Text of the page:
Giving Us Readers Attention: Edwin Hudson’s Translations of Paul Tournier
This morning, I was reading Paul Tournier’s of “The World of Things and The World of Persons” in his book Le personnage et la personne. And something caught my attention. Without the original French in front of me, I was reading only in English, the translation by Edwin Hudson entitled, The Meaning of Persons. Tournier is telling a story of a personal translation, of a public speaker saying how he believes that the simultaneous interpreter of the speech into another language has done “an extremely good job” of translating. (In this particular case, Tournier is relating an incident in which he was giving a medical conference talk in Swiss French and the translator was interpreting that into one of the “Scandinavian” languages.)
I don’t know if Tournier ever read Hudson’s translation of this anecdote, but it seems not to be translationese English. The ideas seem expressed well. But was Hudson translating for a specific person, for you, for me, for somebody very much like us?
Here’s the full paragraph:
To become a person, to discover the world of persons, to acquire the sense of the person, to be more interested in people as persons than their ideas, their party labels, their personage, means a complete revolution, changing the climate of our lives. Once adopted, it is an attitude which rapidly impregnates the whole of our lives. While at the Weissenstein conference I had occasion to congratulate one of my colleagues who had made an extremely good job of interpreting a talk I had given earlier in the day. ‘And do you know why?’ he asked me. ‘It had been mentioned to me that one of our Scandinavian friends was finding it very troublesome following the speeches in foreign languages. So I interpreted for him; I never took my eyes off him, watching his face all the time to see if he had understood. And I found that through giving more attention to his person than to the ideas I was translating, I actually found it easier to express the ideas.
Let me just go on to add this. I don’t know much about Edwin Hudson (and do notice that Paul Tournier gives us nothing about this personal interpreter he mentions in the story). Nonetheless, I do know that Hudson acted as Tournier’s interpreter/ translator for an interview allowed to one Alex Mitchell. Mitchell writes up the interview that gets published in the September 1981 edition of ThirdWay.
What’s fascinating about this very personal interview is how Tournier, a widower by this time, is giving his late wife agency. He speaks of Nelly Bouvier, who had passed away seven years earlier, saying:
It was my wife who helped me gain this sense of the personal. It came slowly because men [like us] are [more commonly] afraid of showing their emotions and feelings than women. And while I was quite prepared to teach my wife I didn’t [quickly] realise I had something to learn from her. The most important thing for me has been our meditation together [through the years]. That was really where it started, really listening to each other. I was too fond [at first] of explaining things to her instead of listening.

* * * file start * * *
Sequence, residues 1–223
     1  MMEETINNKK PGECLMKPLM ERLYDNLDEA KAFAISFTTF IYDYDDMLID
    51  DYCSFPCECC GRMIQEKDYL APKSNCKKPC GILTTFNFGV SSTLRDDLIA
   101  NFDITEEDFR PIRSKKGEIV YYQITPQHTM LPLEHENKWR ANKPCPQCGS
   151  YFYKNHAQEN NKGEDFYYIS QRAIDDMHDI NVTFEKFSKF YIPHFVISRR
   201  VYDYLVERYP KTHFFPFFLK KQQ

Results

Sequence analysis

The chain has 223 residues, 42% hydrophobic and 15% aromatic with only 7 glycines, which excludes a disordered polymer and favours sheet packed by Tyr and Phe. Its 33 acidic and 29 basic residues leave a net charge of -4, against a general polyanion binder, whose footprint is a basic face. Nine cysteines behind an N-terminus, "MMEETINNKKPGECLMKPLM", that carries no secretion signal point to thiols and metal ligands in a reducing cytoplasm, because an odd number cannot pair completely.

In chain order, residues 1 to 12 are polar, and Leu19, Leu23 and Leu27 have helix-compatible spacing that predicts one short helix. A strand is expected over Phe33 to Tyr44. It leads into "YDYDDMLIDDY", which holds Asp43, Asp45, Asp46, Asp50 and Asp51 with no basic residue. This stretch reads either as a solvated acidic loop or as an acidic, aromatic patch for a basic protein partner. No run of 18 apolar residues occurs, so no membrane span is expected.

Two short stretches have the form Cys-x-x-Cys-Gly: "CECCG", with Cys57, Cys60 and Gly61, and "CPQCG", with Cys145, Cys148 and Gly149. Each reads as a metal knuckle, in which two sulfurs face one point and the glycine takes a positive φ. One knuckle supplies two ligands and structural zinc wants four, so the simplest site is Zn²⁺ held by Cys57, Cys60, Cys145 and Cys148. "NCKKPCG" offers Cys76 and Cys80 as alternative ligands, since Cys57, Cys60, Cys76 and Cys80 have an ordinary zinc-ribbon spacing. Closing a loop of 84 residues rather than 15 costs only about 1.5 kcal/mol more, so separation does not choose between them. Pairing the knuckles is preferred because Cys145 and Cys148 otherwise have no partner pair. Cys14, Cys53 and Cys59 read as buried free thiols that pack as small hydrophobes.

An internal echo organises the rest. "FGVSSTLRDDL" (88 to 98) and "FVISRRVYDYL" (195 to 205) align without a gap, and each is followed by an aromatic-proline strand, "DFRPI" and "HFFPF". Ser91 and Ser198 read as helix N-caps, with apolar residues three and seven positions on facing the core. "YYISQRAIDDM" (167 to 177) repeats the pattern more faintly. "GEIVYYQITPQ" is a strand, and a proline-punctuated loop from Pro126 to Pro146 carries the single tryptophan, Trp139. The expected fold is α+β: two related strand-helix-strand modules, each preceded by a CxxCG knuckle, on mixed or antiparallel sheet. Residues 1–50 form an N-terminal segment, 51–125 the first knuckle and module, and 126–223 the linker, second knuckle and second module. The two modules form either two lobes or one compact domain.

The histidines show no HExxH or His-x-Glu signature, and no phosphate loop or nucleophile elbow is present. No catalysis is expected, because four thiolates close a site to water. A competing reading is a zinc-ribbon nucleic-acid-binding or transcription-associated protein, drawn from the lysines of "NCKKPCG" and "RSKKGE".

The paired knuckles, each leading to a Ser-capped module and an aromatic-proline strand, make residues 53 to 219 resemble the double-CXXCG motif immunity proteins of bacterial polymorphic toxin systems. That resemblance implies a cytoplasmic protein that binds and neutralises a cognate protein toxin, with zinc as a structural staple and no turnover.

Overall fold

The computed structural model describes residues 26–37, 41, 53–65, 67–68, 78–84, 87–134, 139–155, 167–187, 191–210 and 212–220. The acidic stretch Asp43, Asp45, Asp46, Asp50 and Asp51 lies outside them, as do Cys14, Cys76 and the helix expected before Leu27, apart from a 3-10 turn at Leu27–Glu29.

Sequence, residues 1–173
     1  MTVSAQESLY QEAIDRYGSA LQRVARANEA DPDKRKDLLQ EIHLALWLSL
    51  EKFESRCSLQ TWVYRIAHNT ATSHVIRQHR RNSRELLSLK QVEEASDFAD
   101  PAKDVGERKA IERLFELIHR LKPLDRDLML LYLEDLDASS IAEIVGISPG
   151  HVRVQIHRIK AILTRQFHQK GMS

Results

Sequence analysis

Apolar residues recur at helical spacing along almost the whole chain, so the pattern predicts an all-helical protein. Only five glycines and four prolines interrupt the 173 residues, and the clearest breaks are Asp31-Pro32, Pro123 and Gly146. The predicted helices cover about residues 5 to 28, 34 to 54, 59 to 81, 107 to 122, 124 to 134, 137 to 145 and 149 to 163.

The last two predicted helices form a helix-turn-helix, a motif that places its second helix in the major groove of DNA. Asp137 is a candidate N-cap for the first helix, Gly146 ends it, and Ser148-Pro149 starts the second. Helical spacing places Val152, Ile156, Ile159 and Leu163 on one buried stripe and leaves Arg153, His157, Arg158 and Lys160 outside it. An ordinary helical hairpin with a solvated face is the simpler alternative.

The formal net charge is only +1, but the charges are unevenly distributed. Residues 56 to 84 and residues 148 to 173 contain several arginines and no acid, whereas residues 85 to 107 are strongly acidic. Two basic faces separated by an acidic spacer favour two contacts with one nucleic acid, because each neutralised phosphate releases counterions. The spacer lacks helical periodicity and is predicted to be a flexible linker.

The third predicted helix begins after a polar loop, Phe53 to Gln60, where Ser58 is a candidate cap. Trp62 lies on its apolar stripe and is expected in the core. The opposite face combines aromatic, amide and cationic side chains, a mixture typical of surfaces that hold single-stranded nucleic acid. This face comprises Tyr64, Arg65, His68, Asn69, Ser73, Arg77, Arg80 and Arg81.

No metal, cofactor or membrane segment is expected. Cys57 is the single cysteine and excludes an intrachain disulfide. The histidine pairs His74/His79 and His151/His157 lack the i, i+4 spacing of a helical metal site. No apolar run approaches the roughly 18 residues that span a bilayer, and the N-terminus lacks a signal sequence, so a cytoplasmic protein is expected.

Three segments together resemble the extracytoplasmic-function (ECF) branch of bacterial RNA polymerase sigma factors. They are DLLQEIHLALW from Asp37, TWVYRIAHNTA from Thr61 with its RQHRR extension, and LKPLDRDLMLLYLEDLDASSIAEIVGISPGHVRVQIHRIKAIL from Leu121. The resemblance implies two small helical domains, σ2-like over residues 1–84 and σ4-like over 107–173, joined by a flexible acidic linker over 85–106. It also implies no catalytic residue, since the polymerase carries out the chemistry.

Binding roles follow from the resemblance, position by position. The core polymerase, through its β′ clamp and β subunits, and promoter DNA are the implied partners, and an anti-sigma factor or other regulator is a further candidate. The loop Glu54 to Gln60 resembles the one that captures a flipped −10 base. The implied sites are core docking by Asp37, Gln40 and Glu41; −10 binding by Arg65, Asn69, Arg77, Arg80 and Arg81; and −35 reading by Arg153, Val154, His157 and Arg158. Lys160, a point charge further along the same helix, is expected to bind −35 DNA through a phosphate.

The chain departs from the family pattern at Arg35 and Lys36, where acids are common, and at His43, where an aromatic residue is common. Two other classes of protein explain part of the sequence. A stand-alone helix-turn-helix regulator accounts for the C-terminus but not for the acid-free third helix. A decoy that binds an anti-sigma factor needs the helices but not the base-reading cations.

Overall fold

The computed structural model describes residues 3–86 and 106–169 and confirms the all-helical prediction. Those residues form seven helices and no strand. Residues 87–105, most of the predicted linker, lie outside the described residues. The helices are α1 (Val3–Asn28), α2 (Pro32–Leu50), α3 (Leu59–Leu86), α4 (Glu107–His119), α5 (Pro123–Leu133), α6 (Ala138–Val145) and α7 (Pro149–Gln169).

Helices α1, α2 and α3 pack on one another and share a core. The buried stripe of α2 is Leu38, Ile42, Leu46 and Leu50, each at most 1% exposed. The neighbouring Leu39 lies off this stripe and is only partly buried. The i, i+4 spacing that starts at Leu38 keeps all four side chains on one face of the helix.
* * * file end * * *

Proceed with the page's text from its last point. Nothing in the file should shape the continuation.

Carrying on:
We readers of Mitchell’s published interview of Hudson’s English translation of Tournier’s Swiss French must imagine. We must picture Hudson listening intently to Tournier while “never taking his eyes off Mitchell, watching his face all the time to see if he had understood.” And when in the interview Tournier spoke of Bouvier, they may have all realized in that moment all that they had learned from her.
Tournier at one point in the interview absolutely resists answering a question on behalf of women. However Hudson interprets that into English for Mitchell, the latter making sure Tournier’s reply gets punctuated with an exclamation point:
Women must discover that [for themselves without my help], not men!
And in response to the question about Tournier’s reaction to Marabel Morgan’s popular evangelical Christian interpretation of the New Testament as saying women should “voluntarily submit” to their husbands, there’s this response (Tournier speaking, Hudson listening and translating looking at Mitchell, Mitchell recording for his readers, for us):
I would not have liked my wife to act like that!
Tournier goes on to give his understanding of “Genesis 3:16 where God tells the woman, ‘your desire shall be for your husband, and he shall rule over you.'” Tournier goes on to explain why, in French, it is women more than men who had been reading his newest book, The Gift of Feeling. Tournier has challenged the masculinist rationalism of Descartes and puts him together with other men (“Pascal, Kierkegaard, and even Marx”) who more clearly demonstrated how “there is masculine and feminine in every human being.”
To hear Tournier speaking more on these subjects in this interview, you may find it via google books here. The photo of Tournier included is as if Hudson is keeping his eyes on us, watching our faces all the time to see if we have understood.